Willie X
Indeed. I have a groaner here I may put pulleys and larger weights on to increase it's run time just for that reason, though I have an Ogee I'll try that on first, since brass is a bit easier for me to work with than wood...
 

R. Croswell

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Indeed. I have a groaner here I may put pulleys and larger weights on to increase it's run time just for that reason, though I have an Ogee I'll try that on first, since brass is a bit easier for me to work with than wood...
mr_byte, heavier weights won’t make the clock run any longer. It’s how far the weights can fall that determines how long the clock will run. The problem with a weight clock is that there is only so much room on the spool to wind up the cord or cable. The weights exert exactly the same driving force regardless of it they are at the top of the clock or near the bottom. Your 30 hour OG is only going to run 30 hours regardless of if it has 2 lbs. or 10 lbs. of weight. You may be thinking that if you can get the pendulum to swing a wider arc that the clock will run slower and therefore longer. That is true but the clock also will not keep time and the rate change will be very small.

You will have a better chance eeeking out a few more hours with the spring powered clock. The first thing is to make sure it is in perfect condition and all the pivots are smooth and no worn pivot holes. It will probably run for two days if you do nothing else to it. A thicker spring will add nothing to the run time. The length of the spring is what counts. Most American clocks are over powered, so using a thinner spring should still give it enough power to run, and being thinner will allow it to be longer and take up the same space. You will probably have a problem finding a spring that is significantly longer than what you have. Another point to consider is that if you push a clock like this to run longer than intended, like until just before it stops, it will likely start loosing time badly near the end of the run. Another problem with letting the clock run out to the end is that the over-expanded spring may interfere with the strike hammer lever or rub against an arbor and stop the clock.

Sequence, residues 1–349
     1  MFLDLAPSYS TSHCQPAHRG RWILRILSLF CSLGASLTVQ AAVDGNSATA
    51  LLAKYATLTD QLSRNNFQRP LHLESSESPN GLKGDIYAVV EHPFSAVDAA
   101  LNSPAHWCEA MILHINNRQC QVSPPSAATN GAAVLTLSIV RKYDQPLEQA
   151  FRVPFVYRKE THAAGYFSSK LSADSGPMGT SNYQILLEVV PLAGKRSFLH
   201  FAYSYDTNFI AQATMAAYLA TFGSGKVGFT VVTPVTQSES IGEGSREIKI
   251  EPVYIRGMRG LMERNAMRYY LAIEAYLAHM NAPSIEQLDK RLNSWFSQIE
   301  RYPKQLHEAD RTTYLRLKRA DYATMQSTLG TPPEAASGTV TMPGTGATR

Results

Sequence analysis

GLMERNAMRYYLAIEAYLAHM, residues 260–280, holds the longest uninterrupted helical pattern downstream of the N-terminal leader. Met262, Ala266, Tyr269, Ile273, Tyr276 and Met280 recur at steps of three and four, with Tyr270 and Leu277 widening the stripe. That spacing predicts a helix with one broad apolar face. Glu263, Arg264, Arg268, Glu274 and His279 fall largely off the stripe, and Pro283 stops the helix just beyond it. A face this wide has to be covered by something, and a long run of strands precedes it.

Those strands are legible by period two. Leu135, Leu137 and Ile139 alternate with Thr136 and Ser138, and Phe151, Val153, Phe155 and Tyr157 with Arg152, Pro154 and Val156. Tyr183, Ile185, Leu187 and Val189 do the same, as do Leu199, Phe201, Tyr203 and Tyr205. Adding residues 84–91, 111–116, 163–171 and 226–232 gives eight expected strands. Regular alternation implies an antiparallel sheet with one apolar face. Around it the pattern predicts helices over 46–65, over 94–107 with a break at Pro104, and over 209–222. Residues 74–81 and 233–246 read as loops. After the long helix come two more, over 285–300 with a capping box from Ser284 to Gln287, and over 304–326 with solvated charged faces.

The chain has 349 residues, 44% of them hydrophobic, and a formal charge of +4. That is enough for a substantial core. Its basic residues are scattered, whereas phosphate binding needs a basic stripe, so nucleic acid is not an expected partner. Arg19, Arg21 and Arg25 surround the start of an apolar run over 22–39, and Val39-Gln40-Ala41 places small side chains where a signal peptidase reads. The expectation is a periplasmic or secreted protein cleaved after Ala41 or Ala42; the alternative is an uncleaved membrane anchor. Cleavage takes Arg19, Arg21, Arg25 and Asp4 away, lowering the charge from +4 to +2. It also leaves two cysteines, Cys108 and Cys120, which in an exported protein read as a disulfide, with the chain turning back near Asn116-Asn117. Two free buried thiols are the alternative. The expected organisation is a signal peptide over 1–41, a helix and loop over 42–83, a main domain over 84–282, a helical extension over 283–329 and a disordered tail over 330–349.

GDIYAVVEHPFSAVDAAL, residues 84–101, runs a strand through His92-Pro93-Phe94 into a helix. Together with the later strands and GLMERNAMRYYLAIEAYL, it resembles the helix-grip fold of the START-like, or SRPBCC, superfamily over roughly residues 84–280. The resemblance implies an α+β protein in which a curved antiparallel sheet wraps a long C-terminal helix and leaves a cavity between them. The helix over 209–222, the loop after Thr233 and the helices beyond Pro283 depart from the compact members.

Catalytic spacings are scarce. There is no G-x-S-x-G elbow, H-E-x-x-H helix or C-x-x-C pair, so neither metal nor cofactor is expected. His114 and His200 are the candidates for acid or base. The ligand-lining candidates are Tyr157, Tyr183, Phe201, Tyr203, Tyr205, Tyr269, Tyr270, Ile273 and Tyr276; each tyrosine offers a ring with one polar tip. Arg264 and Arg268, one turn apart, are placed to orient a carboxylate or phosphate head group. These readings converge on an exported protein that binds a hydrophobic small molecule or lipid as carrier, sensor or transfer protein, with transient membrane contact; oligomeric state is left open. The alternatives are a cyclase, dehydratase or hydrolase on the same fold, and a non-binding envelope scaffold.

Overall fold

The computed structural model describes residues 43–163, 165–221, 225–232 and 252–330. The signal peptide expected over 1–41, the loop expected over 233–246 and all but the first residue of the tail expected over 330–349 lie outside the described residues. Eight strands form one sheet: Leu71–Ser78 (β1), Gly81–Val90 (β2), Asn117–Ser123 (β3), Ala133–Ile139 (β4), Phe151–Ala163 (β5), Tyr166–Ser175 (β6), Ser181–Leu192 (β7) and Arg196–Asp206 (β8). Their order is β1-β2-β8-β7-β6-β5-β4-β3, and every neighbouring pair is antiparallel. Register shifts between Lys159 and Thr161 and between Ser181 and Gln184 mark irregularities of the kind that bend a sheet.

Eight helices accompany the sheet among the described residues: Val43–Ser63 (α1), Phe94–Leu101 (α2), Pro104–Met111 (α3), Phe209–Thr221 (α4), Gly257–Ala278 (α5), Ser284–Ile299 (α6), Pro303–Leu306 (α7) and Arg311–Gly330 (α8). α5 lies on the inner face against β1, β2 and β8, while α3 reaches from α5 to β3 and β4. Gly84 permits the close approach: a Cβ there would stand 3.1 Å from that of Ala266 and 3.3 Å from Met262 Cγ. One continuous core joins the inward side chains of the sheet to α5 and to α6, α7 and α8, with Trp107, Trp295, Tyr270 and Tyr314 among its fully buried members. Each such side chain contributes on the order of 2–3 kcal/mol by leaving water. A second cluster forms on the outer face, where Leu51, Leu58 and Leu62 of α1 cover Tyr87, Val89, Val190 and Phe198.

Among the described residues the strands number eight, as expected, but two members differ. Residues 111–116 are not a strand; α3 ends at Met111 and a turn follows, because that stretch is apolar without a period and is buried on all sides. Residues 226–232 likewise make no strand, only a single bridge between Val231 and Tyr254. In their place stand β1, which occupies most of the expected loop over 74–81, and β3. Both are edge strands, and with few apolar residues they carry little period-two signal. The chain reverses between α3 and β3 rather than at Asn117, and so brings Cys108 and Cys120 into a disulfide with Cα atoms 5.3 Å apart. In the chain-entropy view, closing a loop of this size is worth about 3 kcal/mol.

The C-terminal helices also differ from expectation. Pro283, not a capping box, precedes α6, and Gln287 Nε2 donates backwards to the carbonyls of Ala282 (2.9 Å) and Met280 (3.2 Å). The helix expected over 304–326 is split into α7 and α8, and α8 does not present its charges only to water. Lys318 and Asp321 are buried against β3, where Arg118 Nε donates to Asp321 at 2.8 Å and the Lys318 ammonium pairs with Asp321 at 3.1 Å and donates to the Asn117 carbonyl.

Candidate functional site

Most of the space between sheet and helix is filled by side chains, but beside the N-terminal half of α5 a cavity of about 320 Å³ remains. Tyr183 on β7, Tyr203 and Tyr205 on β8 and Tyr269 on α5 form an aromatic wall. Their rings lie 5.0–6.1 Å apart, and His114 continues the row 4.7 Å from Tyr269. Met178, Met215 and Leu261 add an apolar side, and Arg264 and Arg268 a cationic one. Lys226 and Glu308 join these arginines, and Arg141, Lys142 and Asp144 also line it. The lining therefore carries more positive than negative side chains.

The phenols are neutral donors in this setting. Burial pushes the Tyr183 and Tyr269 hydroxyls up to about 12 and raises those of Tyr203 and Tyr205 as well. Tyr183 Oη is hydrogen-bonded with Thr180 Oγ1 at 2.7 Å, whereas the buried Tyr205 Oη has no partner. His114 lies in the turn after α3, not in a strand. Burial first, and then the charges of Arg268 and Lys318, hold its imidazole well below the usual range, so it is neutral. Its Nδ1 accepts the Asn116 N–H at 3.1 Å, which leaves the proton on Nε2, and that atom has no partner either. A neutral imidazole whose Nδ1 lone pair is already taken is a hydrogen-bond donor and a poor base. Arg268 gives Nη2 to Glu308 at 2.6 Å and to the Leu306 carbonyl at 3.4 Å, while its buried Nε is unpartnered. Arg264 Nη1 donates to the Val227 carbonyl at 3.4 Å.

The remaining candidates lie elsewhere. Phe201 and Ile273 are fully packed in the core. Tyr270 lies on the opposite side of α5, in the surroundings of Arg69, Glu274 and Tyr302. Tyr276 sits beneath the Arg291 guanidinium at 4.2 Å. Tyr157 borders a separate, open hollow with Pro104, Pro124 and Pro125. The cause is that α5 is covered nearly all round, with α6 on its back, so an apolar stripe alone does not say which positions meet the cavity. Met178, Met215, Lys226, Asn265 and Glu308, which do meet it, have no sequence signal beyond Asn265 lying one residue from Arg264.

You could try Nano Oil on the pivots and spring and see how that works as well.

RC

 

doug sinclair

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I recently serviced an 8-day office wall clock, including a new mainspring of the same dimensions as the tired original. It ran 5 days on a full wind! This was a Canadian-made Pequegnat clock with open mainsprings, a la Connecticut clocks. The problem was simple to solve, resulting in a clock that was running strong after 12 days. As the spring ran down, it eventually expanded to the point that it was rubbing on the pinion of an adjacent train wheel. I installed a simple post in a blank hole in the plate (there may have originally been a post there) to ward off the expanding mainspring, and problem solved. How long does the train of this clock run if you remove the pallets and let it run? If it runs for substantially more than 24-hours, there might be a problem the solution to which will give you a longer run. I am a great believer in replacing "tired" mainsprings. Often, a new spring will cure a problem of reduced run times.
 

mr_byte

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mr_byte, heavier weights won’t make the clock run any longer. It’s how far the weights can fall that determines how long the clock will run. The problem with a weight clock is that there is only so much room on the spool to wind up the cord or cable. The weights exert exactly the same driving force regardless of it they are at the top of the clock or near the bottom. Your 30 hour OG is only going to run 30 hours regardless of if it has 2 lbs. or 10 lbs. of weight. You may be thinking that if you can get the pendulum to swing a wider arc that the clock will run slower and therefore longer. That is true but the clock also will not keep time and the rate change will be very small.
By adding a pulley and having the cord loop thru the pulley and hook to the case at the top, where the existing pulley in the case is, it would nearly double the amount of cord, thus nearly doubling the run time. I'm allowing for the 1 or 2 inches of drop the new pulley would take up.

The extra weight is needed as the "working" weight is halved by the addition of the pulley that the weight would hook to. It may be possible that the clock would run properly on the existing weight, I suppose, depending on it's condition, and if the weight in use was just a "throw it in there it's more than enough" weight and not something the maker calculated to be the minimum needed to run the movement.

Weight by itself would not increase run time, as you noted.